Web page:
ISO 9001:2015 benefits for manufacturing companies

Many organizations of varying types use ISO 9001:2015 as a recognized method of delivering customer satisfaction and controlling quality of product and service within their chosen sector. From huge organizations such as Richard Branson’s Virgin enterprise to local coffee shops, ISO 9001:2015 not only can be used to deliver improvements and help guarantee quality, but the accreditation is often seen as a guarantee of uniformity of product and services across borders, languages, and cultural boundaries. Therefore, having ISO 9001:2015 accreditation can be seen as positive on a reputational basis, as well as a practical one. But, is it fair to say that organizations in some sectors can benefit more from the implementation of ISO 9001:2015 than in other sectors? And, on that basis, is there extra benefit from adopting ISO 9001:2015 principles for companies in the manufacturing and production sectors?

What manufacturing organizations need to succeed

Leaving the ISO 9001:2015 standard aside for a moment, many manufacturing organizations have asked themselves over the year what is required to satisfy the customer in terms of a quality and consistent product. Although every organization has different requirements, the following basics will be needed:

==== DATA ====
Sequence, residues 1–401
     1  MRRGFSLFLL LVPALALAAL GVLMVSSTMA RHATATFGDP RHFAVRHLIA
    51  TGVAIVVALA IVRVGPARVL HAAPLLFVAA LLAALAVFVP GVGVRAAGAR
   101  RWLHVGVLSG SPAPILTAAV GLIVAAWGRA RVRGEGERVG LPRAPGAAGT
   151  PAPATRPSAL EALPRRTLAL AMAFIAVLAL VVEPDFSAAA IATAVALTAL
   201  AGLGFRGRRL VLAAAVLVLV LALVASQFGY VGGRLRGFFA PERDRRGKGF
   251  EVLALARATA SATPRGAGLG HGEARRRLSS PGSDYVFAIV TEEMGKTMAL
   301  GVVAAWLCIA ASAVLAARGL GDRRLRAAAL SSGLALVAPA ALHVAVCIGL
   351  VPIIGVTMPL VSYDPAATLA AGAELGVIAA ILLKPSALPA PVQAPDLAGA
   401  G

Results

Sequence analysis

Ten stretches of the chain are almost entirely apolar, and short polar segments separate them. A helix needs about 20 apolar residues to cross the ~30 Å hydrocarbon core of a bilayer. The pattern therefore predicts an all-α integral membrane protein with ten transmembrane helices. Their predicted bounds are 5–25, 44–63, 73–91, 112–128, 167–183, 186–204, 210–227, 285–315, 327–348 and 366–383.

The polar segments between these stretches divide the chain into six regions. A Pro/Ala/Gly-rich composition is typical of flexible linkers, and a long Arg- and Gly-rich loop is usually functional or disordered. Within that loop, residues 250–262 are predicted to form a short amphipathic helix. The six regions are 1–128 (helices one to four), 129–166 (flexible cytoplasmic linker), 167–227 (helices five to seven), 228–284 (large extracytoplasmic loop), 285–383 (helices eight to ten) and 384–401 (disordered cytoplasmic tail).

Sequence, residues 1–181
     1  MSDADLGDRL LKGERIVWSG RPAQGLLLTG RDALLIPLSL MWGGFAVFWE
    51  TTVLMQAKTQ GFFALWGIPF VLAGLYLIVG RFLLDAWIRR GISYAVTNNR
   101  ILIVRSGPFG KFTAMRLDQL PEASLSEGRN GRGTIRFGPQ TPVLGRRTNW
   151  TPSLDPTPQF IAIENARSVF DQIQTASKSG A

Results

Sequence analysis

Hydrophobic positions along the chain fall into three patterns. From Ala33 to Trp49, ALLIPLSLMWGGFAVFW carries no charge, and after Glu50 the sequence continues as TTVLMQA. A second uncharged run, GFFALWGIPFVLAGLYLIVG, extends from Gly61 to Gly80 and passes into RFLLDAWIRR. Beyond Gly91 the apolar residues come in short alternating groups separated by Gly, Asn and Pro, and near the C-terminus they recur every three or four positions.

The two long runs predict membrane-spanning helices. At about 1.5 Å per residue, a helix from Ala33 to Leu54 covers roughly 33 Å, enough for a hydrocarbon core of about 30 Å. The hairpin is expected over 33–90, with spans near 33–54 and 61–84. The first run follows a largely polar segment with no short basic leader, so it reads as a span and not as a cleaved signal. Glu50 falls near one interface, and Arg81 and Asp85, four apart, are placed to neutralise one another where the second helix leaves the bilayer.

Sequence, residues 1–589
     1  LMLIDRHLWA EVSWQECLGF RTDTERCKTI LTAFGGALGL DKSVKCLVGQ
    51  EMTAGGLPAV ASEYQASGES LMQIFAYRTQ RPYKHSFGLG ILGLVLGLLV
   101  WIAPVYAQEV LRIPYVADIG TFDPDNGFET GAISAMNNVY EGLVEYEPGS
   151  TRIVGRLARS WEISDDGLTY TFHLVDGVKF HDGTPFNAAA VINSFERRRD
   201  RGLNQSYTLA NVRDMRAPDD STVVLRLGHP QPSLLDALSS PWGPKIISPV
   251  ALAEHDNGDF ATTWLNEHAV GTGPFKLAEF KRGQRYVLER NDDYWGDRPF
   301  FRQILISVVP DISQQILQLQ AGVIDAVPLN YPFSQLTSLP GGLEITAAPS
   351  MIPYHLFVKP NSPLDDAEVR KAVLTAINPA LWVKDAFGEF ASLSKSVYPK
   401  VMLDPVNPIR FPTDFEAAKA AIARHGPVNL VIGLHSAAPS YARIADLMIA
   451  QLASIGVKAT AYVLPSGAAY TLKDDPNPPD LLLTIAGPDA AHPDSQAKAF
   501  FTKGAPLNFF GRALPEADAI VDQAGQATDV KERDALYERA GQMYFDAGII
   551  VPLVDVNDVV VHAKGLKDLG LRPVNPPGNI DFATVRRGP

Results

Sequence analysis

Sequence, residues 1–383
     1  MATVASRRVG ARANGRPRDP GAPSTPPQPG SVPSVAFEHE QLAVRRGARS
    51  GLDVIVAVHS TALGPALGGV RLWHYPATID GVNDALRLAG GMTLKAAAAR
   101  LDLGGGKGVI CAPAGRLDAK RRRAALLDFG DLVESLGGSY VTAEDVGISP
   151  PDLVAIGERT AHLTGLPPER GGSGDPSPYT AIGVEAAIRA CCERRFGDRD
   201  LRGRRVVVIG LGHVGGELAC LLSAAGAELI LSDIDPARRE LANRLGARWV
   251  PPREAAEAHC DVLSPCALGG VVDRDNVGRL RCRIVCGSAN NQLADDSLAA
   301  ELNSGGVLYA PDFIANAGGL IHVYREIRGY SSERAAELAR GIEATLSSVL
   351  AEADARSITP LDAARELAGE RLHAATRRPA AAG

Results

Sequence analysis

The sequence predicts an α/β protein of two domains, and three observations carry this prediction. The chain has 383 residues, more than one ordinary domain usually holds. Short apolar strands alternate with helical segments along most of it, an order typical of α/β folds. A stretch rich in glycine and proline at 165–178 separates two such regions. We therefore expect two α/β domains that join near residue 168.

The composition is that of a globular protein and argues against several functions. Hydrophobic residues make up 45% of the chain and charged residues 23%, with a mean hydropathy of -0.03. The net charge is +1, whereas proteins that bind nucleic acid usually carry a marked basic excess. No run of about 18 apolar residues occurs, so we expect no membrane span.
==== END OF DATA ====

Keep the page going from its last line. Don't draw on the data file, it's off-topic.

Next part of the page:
• A defined process which is under constant review and action for improvement
  • A set of standards which define an acceptable product or service
  • Resource and knowledgeable staff to produce a product
  • Quality “tollgates” – product audit, internal measurement, feedback from customer
  • Internal corrective action and review process – to ensure problems are fixed satisfactorily and do not return

On the basis of having the above, and adding any other significant functions that may be vital to your company, hypothetically we should be able to produce a consistent product. So in what way can ISO 9001:2015 help us with this?

What ISO provides to help you succeed

Within the ISO 9001:2015 standard you will find mandatory clauses dealing with most aspects of business, as opposed to being purely a “Quality Management System” or “QMS” standard. Looking to align the business requirements listed above with the 9001:2015 standard itself, we can find the following:

Defined process: This can be put together using parts of various clauses in the standard, such as “planning,” “support,” “operation,” and “performance” evaluation. Obviously, the definition of the context of the organization, which we looked at in this previous article: How to define the context of the organization in ISO 9001:2015, will allow your company to ensure they have regarded the correct factors and obligations. Therefore, a combination of all these clauses, including “design and development” if relevant, will allow you to define your process accurately.

Set of standards or definition of product: Section 8 deals with “requirements for products and services” and “operation control” under the heading “Operation.” Fulfilling the requirements within this section will allow you to define your product accurately.